The GUI called PGA1 provides a computational and graphical interface for the relation between statistical power and sample size for dominant, co-dominant and recessive SNP or haplotype effect (Figure 1A). The genotyped markers can include the causative SNP, or be in linkage disequilibrium (LD) with the causal SNP at a given level. The impact of multiple hypothesis testing can be accomplished by adjusting the effective degrees of freedom (EDF) or the alpha level. For example, in a fine-mapping study of 200 effective tests (see below), the sample size required to detect an overall 2-fold increase in risk (assuming a co-dominant model with 1 df) with 90% power, false positive rate of 5%, disease prevalence of 7%, disease allele frequency of 5%, and assuming a complete LD between the genotyped marker and the causative SNP (r2 = 1.0) is 800 cases and 800 controls (Figure 1A). PGA1 allows one to explore the impact of different parameters. For example, reducing the genotype relative risk from 2-fold to 1.7-fold in the same study, increases the required sample size from 800 to 1400 cases and controls. PGA1 is designed to execute power calculations for haplotype data. For example, using the same parameters in the example above and assuming 12 common haplotypes in an LD block within the region show that the required sample size would be 600 and 1100 cases and controls to attain 90% power for relative risks of 2 and 1.7 respectively (Figure 1A).

thumbnailFigure 1. Graphical user interfaces for statistical power calculations. (A) PGA1 – statistical power is calculated and plotted for different sample sizes and various genetic and statistical parameters. Input variables (e.g. 'Genetic mode of inheritance', 'disease allele frequency', 'relative risk (RR)', etc.) can be specified using slider controls, or by typing specific values in the corresponding text boxes. Pressing the 'Run' button executes the calculations and plots the relationships between power and sample size according to the specified study parameters. A keyed legend listing the corresponding parameters is shown on the graph. Up to eight different analyses (color-coded) can be displayed simultaneously, allowing the comparison of different scenarios. (B) PGA2 – Minimal detectable relative risk (MDRR) is calculated and plotted for various minor allele frequencies (MAFs) of potential genotyped loci. Input and output is similar to PGA1.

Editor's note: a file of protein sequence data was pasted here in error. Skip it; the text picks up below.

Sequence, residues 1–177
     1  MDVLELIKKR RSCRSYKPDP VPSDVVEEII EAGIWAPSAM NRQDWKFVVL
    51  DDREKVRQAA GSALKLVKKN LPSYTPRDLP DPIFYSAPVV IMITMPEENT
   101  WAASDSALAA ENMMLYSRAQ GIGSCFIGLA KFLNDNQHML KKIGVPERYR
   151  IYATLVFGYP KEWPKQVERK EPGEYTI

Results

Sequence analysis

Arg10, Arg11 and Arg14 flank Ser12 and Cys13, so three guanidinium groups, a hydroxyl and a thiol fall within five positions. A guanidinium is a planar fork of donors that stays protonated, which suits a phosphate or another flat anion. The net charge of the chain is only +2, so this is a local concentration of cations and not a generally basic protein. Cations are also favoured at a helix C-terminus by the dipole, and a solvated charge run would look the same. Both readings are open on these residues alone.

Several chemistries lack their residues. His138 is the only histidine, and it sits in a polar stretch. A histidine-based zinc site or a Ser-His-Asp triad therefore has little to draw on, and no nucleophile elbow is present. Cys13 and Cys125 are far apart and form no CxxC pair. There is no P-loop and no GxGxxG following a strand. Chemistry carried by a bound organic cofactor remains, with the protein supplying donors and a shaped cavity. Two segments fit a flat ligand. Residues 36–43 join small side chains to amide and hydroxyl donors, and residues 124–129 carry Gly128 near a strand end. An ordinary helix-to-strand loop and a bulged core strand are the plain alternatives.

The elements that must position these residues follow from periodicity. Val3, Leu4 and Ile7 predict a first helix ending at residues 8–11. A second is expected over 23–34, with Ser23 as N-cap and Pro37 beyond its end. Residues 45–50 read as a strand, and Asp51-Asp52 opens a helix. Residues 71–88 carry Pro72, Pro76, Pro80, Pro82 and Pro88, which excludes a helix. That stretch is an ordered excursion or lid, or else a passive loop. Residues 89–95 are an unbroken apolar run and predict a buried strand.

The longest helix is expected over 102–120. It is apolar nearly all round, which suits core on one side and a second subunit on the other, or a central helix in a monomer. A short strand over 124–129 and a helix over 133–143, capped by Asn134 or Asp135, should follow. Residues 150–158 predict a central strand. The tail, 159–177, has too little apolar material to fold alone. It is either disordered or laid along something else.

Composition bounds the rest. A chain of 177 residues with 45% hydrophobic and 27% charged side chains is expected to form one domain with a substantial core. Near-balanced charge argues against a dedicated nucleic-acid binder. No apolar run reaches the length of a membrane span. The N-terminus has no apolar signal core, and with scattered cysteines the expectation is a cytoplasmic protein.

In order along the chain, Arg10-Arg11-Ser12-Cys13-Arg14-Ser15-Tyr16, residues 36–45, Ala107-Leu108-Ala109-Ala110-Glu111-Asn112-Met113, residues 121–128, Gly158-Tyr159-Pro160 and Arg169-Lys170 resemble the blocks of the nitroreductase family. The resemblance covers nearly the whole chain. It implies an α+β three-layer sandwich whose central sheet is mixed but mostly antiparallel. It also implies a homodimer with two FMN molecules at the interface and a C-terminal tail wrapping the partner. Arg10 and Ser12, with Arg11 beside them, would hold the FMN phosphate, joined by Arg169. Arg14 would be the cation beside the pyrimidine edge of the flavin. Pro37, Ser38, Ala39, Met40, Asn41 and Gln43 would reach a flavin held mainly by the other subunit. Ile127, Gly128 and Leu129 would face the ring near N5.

The GUI PGA2 has a similar interface to PGA1, but it is designed to calculate and plot the minimum detectable relative risk (MDRR) for genetic loci, given a fixed number of cases and controls, according to their minor allele frequencies (MAFs). MDRR can calculate the smallest relative risk that can be detected, with sample in hand, at the target level of power. Hence, PGA2 can assist in designing fine mapping studies of prominent genomic loci, identified from familial linkage analyses or genome-wide association studies. For example, multiple markers along a 600-kb segment on human chromosome 8q24 have recently been associated with prostate cancer susceptibility [15-17]. Consequently, one may want to genotype additional SNPs in this region aiming to find the most strongly associated markers as a prelude to functional or comparative studies. Given a fixed sample size, there is a detection limit such that one is under-powered to detect true associations to SNPs with MAF below a certain threshold. Considerable resources can be saved by excluding SNPs with MAF below the detection threshold. For example, using the PGA2 tool reveals that with a sample size of 500 cases and controls and assuming an effective number of tests (effective degrees of freedom – EDF) of 500, there is no justification (power < 90%) to genotype SNPs with minor allele frequency (MAF) < 0.08 assuming a modest relative risk of ~2-fold as implied by the preliminary studies [15-17] (Figure 1B).

An important utility for PGA1 and PGA2 is the GUI EDF, which calculates the effective degrees of freedom (EDF) for a particular set of SNP genotypes in linkage disequilibrium. This tool allows the user to assess the extent of multiple testing that is often overestimated or underestimated in naive power analyses. The EDF calculator accepts as input genotype data files from Hapmap [18] or tab-delimited text files. It calculates and maps the linkage disequilibrium patterns (r2) among the SNPs in the dataset, and from these data computes a summary measure of the EDF [19] (Figure 2). The value of EDF can then be used in PGA1 and PGA2 to precisely calibrate the calculations to the specific SNPs under consideration by a given study. It is important to note that other methods accounting for linkage disequilibrium between genetic markers as well as other approaches for multiple testing adjustments can be incorporated into the PGA calculations (see Additional file 1).